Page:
Remembering Lulu Peyraud, a Quiet Legend in the World of French Food and Wine
Marc Lanza looked at his watch. “I hope they haven’t forgotten me,” he said, although it was not yet ten minutes to noon.
The dining room table next to us was set with an unfussy, candlelit care. In a shallow marble basin, like a sort of altar, a decanter of brick-red wine sat next to the bottle from which it had been poured.
Marc wore his hair, black like marinated olives, pulled back into a tiny bun. A man steeped from the cradle in the traditional cooking of Provence. Standing straight, I could tuck his massive head under my chin, but he had a burly topheaviness that suggested a wrestling match would likely go his way.
Since the death in 1999 of its legendary former owner, Marc had been the caretaker of the modest Provençal mas, or farmhouse, just across the courtyard from where we stood, where Richard Olney had lived, painted, celebrated the pagan joys of existence, and written some of the most sublime cookbooks in the English language. My very public love for Olney had led to a friendship with his brother and sister-in-law (and fellow Minnesotans) Byron and Marilynn, and their generosity had led us here—my wife, myself, and our teenage son, who might someday understand his colossal good fortune—to meet Lulu Peyraud for the first time.
Lucie Tempier Peyraud. The proprietress of Domaine Tempier, revered Bandol winemaker, collaborator and inspiration behind my favorite cookbook, Lulu’s Provençal Table, friend, protector, and muse to Olney, sainted mother figure to a generation of Olney acolytes, and a quiet legend in the world of French food and wine, was stopping by to eat her favorite lunch, pieds et paquets, which only Marc cooked to her satisfaction. I was the kid who had grown up worshipping Mickey Mantle and had just gotten a call asking if I could fill in at shortstop for the Yankees.
Marc returned to the kitchen, and I wandered over to the decanter, lifting it reverently to my nose. The nearly illegible label on the adjacent bottle of Domaine Tempier was rasped with age and humidity. But Richard Olney was nothing if not rigorous about the wines in his cellar. And across the shoulder of the bottle, in indelible white ink, was written a single number: 93.
“Les voilà!” called Marc.
She appeared in the glass door at the far end of Marc’s kitchen. She wore a pink wool coat against the mild January chill, and walked slowly, in clogs, leaning a tiny bit to either side with each step. She held a cane in one hand and Marc’s arm in the other. She stood an imposing four foot eight, and was made up, with pearl earrings, pink lipstick, and a subtle flare of rouge on each cheek. She was smiling beneath her understated crown of white hair at something Marc had just said.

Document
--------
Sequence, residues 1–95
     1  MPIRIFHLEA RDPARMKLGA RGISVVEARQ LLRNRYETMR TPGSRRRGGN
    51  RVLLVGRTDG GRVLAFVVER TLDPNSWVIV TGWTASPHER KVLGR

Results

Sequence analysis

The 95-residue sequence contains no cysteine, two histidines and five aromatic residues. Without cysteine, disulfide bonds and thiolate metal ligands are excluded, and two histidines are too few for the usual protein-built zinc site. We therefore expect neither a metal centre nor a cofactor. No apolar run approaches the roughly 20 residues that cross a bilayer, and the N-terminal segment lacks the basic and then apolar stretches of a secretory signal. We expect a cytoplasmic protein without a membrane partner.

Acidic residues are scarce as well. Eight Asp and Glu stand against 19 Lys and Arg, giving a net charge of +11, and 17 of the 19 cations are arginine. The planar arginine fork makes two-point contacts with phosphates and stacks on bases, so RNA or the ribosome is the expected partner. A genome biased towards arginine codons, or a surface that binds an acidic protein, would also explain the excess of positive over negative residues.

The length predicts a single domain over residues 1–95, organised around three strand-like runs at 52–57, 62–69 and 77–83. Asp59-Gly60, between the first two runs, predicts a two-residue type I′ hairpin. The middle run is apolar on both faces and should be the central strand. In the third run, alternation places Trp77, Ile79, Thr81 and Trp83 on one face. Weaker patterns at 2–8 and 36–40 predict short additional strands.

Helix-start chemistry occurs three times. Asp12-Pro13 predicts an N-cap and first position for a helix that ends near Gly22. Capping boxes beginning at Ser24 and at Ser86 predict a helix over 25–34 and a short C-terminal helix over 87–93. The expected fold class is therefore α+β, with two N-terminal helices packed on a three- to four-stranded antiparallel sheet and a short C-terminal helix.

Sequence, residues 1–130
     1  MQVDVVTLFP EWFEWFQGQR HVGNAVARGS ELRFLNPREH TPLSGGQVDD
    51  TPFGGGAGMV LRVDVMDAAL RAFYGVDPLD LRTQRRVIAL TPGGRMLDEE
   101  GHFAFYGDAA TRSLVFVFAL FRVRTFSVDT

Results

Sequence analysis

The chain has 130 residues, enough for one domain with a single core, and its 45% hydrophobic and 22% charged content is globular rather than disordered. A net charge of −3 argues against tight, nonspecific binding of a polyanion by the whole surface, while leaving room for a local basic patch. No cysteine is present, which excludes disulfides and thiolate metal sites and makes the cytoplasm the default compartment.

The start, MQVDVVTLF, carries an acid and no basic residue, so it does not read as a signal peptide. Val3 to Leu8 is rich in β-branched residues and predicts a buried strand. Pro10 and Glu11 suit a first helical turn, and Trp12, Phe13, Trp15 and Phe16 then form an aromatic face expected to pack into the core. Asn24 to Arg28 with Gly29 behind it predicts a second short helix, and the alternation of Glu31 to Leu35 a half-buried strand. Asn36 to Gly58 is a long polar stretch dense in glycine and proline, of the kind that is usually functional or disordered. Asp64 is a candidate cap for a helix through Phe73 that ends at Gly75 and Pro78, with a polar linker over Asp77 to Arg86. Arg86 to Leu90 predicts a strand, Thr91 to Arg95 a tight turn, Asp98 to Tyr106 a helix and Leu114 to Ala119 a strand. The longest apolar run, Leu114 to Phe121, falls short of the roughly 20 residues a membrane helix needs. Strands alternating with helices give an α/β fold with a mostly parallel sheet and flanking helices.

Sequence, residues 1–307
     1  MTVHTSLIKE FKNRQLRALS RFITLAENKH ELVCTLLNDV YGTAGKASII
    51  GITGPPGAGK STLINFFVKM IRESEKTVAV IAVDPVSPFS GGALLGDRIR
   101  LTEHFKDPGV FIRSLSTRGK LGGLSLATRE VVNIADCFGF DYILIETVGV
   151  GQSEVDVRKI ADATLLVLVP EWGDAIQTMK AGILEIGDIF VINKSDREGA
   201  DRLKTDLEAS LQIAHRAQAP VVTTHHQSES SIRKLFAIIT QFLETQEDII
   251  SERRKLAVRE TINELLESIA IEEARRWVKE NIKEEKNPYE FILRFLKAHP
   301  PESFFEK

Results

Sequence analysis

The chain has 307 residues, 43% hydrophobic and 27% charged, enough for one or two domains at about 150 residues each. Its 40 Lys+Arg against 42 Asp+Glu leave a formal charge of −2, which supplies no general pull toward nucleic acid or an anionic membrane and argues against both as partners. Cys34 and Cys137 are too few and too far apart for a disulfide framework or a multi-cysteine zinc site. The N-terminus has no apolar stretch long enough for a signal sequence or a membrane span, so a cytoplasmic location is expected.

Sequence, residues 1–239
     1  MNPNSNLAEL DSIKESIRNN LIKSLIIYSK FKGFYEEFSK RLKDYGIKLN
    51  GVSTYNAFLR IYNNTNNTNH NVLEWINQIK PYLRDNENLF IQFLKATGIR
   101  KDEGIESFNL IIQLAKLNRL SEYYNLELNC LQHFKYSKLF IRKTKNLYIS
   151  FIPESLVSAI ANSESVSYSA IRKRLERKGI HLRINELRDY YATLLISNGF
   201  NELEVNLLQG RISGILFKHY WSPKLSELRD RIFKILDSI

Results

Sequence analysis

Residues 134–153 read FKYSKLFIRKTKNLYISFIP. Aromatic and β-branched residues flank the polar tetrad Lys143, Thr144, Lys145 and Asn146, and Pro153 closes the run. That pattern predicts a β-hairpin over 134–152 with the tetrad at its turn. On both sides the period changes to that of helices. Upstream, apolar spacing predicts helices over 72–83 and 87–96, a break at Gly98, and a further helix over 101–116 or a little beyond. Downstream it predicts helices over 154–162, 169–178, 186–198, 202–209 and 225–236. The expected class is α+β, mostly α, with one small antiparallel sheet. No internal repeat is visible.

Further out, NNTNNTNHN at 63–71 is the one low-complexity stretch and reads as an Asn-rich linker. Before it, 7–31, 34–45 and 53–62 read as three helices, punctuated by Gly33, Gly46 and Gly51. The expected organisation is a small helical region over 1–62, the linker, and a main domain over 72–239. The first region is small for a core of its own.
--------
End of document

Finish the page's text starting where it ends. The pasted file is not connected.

Just the previous month, she had turned 99.
We made a delicate bustle around her, taking turns greeting her and her daughter Laurence with double cheek kisses. When it was my turn, Lulu looked up at me and said, “Steve?” I said, “Yes, Steve,” and leaned way, way down to peck her on her chilled left cheek and then her right, and she held my face for a second and said, “I’m so glad to finally meet you,” as if this minor satellite in front of her were somehow a major planet in her personal solar system.
To be delightful is in some sense to be delighted. To be interesting is to be interested. Lulu did not allow you to feel awestruck or intimidated by her somewhat world-historic presence. She was beloved because she loved. She insisted in some vibratory but unmistakable way that what she expected of you was simply to return the loving warmth she so visibly felt for your valuable being.
She set off again with Marc, totting slowly through the kitchen on his arm, navigating the step up into the dining room as he worriedly held her hand and slipped a protective arm behind her back, and then perched, like a bird, on a dining room chair.
I took a seat across from her in the dining room, and we started to talk.
She asked, “Do you know how I met Richard [pronounced ree-SHARR]?” And as the others filtered into the room and took their seats, she told me how the two of them had been seated together at a dinner in Paris because they came from the same backwoods corner of France, down there somewhere near Toulon—as when a party host grabs two strangers and says, “Hey Jim. Dave here is a CPA too.”